China has developed sophisticated hedging strategies to insure against risks in the international petroleum market. It has managed a growing net oil import gap and supply disruptions by maintaining a favorable energy mix, pursuing overseas equity oil production, building a state-owned tanker fleet and strategic petroleum reserve, establishing cross-border pipelines, and diversifying its energy resources and routes. Though it cannot be "secured," China's energy security can be "insured" by marrying government concern with commercial initiatives. This book comprehensively analyzes China's domestic, global, maritime, and continental petroleum strategies and policies, establishing a new theoretical framework that captures the interrelationship between security and profit.
Arguing that hedging is central to China's energy-security policy, this volume links government concerns about security of supply to energy companies' search for profits, and by drawing important distinctions between threats and risks, peacetime and wartime contingencies, and pipeline and seaborne energy-supply routes, the study shifts scholarly focus away from securing and toward insuring an adequate oil supply and from controlling toward managing any disruptions to the sea lines of communication. The book is the most detailed and accurate look to date at how China has hedged its energy bets and how its behavior fits a hedging pattern.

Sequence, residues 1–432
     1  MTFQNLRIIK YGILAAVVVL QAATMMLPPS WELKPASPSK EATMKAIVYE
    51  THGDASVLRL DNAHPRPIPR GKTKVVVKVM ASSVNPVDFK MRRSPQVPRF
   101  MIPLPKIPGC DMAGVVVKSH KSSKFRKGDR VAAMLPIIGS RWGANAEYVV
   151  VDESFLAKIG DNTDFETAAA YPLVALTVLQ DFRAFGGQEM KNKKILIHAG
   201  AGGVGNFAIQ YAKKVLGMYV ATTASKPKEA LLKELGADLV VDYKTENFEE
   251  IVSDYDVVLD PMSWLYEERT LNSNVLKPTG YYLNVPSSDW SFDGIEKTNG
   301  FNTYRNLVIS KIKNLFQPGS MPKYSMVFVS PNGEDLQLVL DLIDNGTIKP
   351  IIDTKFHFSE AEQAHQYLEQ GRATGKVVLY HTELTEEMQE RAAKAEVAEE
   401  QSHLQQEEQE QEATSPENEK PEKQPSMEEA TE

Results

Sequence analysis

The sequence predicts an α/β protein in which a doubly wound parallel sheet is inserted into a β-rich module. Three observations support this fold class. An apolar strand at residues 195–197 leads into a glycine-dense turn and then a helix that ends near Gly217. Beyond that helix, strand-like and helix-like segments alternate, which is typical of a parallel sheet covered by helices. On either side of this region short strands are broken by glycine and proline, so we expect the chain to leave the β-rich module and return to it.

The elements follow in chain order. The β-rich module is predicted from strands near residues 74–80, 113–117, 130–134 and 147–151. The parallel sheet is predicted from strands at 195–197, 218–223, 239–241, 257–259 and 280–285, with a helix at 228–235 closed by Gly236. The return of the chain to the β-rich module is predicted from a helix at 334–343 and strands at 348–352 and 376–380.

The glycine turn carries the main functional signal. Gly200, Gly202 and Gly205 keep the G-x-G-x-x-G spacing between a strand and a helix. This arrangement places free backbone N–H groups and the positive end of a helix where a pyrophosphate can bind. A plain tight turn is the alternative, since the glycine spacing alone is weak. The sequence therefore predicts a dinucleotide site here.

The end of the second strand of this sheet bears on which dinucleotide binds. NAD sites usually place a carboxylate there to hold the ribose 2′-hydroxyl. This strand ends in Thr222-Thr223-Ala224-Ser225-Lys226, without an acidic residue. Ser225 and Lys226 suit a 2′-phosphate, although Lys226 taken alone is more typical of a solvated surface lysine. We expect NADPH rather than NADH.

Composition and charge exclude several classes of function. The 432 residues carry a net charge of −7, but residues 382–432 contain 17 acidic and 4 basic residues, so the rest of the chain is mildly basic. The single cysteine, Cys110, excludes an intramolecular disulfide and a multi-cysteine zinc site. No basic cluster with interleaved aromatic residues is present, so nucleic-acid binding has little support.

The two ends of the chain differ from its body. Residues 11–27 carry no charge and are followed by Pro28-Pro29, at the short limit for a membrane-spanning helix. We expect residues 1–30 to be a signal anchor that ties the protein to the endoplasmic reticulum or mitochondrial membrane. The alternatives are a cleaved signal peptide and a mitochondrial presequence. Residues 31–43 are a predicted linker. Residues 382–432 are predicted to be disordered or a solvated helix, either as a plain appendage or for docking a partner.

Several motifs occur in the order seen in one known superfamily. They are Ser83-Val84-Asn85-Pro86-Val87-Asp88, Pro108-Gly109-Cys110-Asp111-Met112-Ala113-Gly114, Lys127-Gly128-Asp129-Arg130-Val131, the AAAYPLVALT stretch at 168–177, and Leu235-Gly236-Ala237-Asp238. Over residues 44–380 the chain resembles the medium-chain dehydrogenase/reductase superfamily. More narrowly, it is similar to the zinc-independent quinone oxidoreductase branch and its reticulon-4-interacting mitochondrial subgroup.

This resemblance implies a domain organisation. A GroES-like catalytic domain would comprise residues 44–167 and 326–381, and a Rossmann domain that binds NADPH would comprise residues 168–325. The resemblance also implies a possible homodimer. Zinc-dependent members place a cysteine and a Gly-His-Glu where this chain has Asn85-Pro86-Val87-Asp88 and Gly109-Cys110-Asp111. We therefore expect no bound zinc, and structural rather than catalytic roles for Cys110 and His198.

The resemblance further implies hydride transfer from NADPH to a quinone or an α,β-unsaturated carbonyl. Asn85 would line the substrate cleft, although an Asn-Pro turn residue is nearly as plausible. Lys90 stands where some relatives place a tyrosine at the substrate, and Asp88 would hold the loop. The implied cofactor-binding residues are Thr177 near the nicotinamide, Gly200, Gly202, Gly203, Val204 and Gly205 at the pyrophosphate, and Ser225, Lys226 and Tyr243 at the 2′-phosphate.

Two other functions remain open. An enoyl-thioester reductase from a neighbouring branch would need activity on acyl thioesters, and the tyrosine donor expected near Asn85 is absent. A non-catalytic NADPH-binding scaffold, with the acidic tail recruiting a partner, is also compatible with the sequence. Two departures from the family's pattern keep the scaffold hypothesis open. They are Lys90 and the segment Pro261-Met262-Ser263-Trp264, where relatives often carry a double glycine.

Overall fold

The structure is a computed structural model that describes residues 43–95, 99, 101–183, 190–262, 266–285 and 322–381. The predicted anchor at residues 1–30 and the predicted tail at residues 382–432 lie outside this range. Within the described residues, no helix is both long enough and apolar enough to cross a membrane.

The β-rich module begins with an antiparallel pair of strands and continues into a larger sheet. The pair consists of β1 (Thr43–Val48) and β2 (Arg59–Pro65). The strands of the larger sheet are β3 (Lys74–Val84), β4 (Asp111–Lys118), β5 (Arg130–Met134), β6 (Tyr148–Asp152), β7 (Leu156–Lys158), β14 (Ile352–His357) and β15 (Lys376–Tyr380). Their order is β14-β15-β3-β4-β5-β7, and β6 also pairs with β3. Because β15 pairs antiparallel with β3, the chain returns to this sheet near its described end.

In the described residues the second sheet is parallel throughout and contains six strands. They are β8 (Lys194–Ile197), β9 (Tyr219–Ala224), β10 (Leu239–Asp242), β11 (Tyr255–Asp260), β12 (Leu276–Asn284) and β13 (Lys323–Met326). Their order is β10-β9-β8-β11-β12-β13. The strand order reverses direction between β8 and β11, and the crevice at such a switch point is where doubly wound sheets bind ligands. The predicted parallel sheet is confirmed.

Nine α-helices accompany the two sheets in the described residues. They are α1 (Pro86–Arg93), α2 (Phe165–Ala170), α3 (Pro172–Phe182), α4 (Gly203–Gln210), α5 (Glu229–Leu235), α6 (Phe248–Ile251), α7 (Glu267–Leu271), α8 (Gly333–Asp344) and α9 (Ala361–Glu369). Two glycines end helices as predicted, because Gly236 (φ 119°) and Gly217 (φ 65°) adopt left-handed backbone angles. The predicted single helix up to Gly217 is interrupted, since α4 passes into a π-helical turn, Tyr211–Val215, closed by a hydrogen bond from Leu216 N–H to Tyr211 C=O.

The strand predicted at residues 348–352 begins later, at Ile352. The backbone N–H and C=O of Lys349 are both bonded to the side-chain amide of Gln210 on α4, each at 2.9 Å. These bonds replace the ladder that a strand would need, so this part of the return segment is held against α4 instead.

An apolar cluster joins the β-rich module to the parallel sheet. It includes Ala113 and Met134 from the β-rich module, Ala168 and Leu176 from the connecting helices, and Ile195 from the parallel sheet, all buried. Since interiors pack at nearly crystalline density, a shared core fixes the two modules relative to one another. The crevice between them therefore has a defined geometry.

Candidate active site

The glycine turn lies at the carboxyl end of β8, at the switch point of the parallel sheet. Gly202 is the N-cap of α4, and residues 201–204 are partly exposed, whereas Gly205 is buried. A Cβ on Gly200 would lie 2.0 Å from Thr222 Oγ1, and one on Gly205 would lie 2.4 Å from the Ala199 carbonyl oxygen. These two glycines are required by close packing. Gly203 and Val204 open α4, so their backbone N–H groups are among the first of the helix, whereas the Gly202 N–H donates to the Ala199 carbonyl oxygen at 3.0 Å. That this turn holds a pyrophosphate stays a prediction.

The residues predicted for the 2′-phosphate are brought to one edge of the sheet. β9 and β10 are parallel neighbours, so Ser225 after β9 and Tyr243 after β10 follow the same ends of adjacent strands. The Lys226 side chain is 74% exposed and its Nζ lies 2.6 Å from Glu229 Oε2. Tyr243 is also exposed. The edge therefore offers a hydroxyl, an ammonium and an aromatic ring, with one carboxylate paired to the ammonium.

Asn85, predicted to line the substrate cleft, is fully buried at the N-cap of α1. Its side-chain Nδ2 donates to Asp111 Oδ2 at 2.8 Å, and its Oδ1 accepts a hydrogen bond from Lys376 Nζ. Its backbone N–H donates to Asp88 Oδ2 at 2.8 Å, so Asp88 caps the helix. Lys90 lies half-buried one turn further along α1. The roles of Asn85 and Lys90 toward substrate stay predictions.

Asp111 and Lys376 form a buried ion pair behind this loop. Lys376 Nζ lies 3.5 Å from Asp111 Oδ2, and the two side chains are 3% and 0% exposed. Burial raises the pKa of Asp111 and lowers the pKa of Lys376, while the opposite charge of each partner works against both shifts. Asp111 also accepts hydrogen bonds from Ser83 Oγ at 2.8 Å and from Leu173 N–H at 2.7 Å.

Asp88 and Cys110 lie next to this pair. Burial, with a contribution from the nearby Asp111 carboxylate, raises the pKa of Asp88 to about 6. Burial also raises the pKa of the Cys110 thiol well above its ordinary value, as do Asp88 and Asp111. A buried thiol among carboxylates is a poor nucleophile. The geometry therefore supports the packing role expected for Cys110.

Dr. Oystein Tunsjo is an Associate Professor at the Norwegian Institute for Defence Studies. He is co-editor with Robert Ross and Zhang Tuosheng of US-China-EU Relations: Managing a New World Order (London: Routledge, 2010) and author of US Taiwan Policy: Constructing the Triangle (London: Routledge, 2008), both in Routledge's Asian Security Studies Series. Tunsjo is co-editor with Robert S. Ross and Peter Dutton of Twenty First Century Seapower: Cooperation and Conflict at Sea (forthcoming, Routledge) and author of Security and Profit in China's Energy Policy (CUP, 2013).
List of Maps Acknowledgments List of Abbreviations Glossary 1. Introduction 2. China's Energy Security: A New Framework for Analysis 3. China's Domestic Energy Sector 4. The Global Search for Petroleum 5. Safeguarding China's Seaborne Petroleum Supplies 6. China's Continental Petroleum Strategy 7. Global 8. Conclusion Notes Bibliography Index